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Composition of Parliament Unit
There are three parts of parliament and each of them needs to agree for an act of
parliament to be passed and made law.
House of Commons
The House of Commons is made up of approximately six hundred and
fifty members who are known as MPs. Any person who is a citizen of
Great Britain, the commonwealth nations or the Republic of Ireland may
stand as a candidate in an election providing they are above the age of
twentyone. Each MP is elected in a general election to represent an
area called a constituency which usually takes place every five years.
The political party who gains the majority of seats forms the government the
government is roughly one hundred MPs selected by the leader who becomes the prime
minister to run different divisions such as the ministry of defence, the heads of each
division become the cabinet who act as a close circle of advisors to the prime minister.
The second largest party becomes the opposition who form the shadow government
where each shadow minister looks at the work of their counterpart in the government
and criticises and challenges them.
House of Lords
The House of Lords is made up of approximately seven hundred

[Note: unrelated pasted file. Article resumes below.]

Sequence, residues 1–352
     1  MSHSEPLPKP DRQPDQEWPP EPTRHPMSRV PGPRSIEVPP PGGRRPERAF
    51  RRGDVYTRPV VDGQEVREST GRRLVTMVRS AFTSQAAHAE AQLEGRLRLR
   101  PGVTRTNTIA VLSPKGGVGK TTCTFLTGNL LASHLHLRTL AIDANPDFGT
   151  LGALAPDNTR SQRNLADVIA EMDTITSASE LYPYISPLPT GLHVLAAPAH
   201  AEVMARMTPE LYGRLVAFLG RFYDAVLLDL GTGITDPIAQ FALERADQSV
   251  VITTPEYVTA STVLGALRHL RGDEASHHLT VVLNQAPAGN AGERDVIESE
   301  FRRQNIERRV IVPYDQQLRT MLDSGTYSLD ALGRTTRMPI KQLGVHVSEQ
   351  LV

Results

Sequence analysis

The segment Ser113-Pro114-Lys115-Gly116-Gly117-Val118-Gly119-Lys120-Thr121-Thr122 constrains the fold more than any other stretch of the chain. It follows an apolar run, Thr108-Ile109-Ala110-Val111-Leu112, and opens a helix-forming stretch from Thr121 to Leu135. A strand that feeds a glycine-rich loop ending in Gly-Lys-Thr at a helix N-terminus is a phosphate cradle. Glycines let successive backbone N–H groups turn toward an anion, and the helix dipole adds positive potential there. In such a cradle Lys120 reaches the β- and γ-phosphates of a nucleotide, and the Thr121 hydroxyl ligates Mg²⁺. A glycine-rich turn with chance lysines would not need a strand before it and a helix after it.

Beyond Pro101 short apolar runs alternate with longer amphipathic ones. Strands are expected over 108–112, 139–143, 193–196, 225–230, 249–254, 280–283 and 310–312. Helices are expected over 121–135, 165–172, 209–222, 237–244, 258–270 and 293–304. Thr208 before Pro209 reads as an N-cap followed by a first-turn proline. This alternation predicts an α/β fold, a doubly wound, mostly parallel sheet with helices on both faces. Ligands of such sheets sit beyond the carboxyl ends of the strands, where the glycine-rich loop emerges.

members who unlike MPs are unelected sitting in the House of Lords
are hereditary peers (peers who have gained their seat in the house by
being born into aristocratic titles), life peers (awarded their peerage
because of their contributions to society in their field e.g. economics,
business and politics), twentysix bishops of the church of England and
until the opening of the supreme courts in 2009 the law lords who do however still sit
there if the matter is unrelated to law making in order to preserve the doctrine of the
separation of powers. The House of Lords Act (1999) has made it so that when the
current hereditary peers pass away they will not be replaced with their children as they
were born into the peerage and have done nothing to deserve it.
The Crown (Monarch)
The monarch is still considered to be head of state although little power
actually remains with the monarchy though it still possesses three roles
with regards to parliament the yearly state opening of parliament in
which a speech is delivered outlining the political agenda of the
government and that the monarch supports them, giving royal assent to
make a bill an act which means it is law and to appoint or dismiss the
prime minister and ask the next to form the government.
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